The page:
- Without using DevOps, team members spend more of their time testing, deploying, and designing rather than using the project.
- Manual code deployment leads to human errors in production
- The coding and operations teams have different timelines and are not in sync due to further delays.
What is Traditional IT?
There is no uniform definition of Traditional IT. Still, it generally includes IT roles, which may not be listed under software development, but are intended to deliver and maintain the services, applications, and technologies needed to run a business. Responsible for ITOPS includes job titles such as System Administrator, Network Administrator, and Help Desk.
What does Traditional IT Cover?
- Network infrastructure
- Computer Operations and Help Desk
- Server and Device Management
In practice, this typically involves the installation and maintenance of internal and external networks, security and regulatory compliance, data center management, domestic help desk management, licensing and management for internal use, and installation and maintenance of software, desktop, and mobile devices. It includes functions such as storage management, network infrastructure, configuration, and maintenance.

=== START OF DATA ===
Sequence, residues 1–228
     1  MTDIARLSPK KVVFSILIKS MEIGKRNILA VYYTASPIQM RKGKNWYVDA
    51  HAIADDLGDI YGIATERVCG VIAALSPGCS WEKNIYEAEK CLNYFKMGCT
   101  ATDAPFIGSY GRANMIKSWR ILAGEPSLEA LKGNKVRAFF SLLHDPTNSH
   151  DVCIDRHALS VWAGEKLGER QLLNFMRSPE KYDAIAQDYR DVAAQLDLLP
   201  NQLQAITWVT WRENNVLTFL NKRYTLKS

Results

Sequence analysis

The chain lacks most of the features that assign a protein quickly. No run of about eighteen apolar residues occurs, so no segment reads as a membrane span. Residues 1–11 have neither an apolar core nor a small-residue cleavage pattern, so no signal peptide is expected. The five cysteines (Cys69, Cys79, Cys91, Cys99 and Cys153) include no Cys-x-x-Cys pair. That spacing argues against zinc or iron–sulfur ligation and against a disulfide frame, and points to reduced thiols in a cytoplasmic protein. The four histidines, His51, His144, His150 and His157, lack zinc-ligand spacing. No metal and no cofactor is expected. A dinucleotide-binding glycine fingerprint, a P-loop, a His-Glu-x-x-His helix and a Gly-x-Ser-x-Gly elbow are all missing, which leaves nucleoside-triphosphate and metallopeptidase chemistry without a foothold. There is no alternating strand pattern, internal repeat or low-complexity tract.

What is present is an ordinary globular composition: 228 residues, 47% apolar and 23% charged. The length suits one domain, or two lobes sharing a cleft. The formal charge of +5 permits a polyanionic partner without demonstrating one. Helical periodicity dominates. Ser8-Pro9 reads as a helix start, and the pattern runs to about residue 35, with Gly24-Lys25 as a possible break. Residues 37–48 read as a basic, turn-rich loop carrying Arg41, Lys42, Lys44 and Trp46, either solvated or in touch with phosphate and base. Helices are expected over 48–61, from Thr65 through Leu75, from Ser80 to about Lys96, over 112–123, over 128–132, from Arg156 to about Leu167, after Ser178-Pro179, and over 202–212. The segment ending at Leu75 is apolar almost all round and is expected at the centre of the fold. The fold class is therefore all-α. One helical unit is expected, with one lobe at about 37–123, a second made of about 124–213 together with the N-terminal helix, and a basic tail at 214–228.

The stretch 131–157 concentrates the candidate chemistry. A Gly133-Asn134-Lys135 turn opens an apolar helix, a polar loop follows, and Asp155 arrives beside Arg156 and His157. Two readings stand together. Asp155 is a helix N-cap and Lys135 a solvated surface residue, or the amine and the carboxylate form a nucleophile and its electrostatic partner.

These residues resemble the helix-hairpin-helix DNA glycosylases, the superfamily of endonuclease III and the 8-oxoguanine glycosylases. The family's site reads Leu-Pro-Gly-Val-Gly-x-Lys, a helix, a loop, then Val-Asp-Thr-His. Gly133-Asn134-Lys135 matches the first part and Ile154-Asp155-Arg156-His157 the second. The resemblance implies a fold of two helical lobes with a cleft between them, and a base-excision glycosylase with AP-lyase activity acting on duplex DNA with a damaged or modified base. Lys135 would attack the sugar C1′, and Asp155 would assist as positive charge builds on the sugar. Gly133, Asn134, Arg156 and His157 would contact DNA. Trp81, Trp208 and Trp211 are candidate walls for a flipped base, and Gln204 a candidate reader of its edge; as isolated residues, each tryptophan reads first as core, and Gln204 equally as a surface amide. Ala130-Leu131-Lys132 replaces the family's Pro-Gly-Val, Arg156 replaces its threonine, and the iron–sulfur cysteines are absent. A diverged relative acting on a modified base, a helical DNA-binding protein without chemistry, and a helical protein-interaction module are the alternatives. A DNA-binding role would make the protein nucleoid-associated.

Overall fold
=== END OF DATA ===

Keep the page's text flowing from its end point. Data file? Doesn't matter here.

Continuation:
How is DevOps different from Traditional IT
If we know the basics of DevOps and ITOps, it will be easy to understand the DevOps vs ITOps conflict. Below points show the comparision between DevOps and ITOps, explaining how DevOps is dominating the next generation IT operations.
Performance and Operations
DevOps teams spend more time in infrastructure against failure than Traditional IT teams. Besides, DevOps teams spend about 21% less time on fire and 37% less time handling support cases every week. Due to the high level of automation and scripts for self-service tools and support functions, the DevOps teams spent less time on administrative support. With this extra time, all DevOps teams can work on infrastructure improvements 33% more time and self-improvement 15% more time through things like education and training.
Failure and Shock